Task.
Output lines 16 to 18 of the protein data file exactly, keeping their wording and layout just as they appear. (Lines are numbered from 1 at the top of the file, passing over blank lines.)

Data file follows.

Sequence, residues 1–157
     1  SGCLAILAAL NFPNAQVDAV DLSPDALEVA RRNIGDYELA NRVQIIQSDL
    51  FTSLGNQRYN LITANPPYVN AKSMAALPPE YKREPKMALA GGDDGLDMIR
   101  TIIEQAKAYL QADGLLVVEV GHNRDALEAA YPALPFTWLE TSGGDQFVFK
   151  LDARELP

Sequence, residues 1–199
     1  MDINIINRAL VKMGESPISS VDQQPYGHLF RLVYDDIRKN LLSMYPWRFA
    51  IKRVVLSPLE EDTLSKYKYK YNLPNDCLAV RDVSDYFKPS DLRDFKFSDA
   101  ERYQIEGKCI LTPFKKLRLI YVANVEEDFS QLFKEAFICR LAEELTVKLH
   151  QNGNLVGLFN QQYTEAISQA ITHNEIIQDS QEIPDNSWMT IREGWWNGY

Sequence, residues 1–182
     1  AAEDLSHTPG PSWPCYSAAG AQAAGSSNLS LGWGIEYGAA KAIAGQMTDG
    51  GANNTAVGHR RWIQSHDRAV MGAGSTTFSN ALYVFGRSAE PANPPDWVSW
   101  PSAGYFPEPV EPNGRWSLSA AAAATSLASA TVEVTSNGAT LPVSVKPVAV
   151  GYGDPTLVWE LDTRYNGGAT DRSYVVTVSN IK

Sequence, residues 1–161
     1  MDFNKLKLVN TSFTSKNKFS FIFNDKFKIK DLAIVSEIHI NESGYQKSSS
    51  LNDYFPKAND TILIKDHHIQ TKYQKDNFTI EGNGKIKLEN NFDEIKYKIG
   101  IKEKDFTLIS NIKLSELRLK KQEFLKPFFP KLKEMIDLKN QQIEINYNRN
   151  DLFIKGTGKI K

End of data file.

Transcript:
Sequence, residues 1–161
     1  MDFNKLKLVN TSFTSKNKFS FIFNDKFKIK DLAIVSEIHI NESGYQKSSS
    51  LNDYFPKAND TILIKDHHIQ TKYQKDNFTI EGNGKIKLEN NFDEIKYKIG